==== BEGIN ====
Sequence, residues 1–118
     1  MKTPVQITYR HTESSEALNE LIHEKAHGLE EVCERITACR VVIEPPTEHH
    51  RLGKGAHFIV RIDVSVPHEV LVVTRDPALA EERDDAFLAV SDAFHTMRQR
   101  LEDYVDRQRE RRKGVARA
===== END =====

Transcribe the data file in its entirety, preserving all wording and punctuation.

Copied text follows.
Sequence, residues 1–118
     1  MKTPVQITYR HTESSEALNE LIHEKAHGLE EVCERITACR VVIEPPTEHH
    51  RLGKGAHFIV RIDVSVPHEV LVVTRDPALA EERDDAFLAV SDAFHTMRQR
   101  LEDYVDRQRE RRKGVARA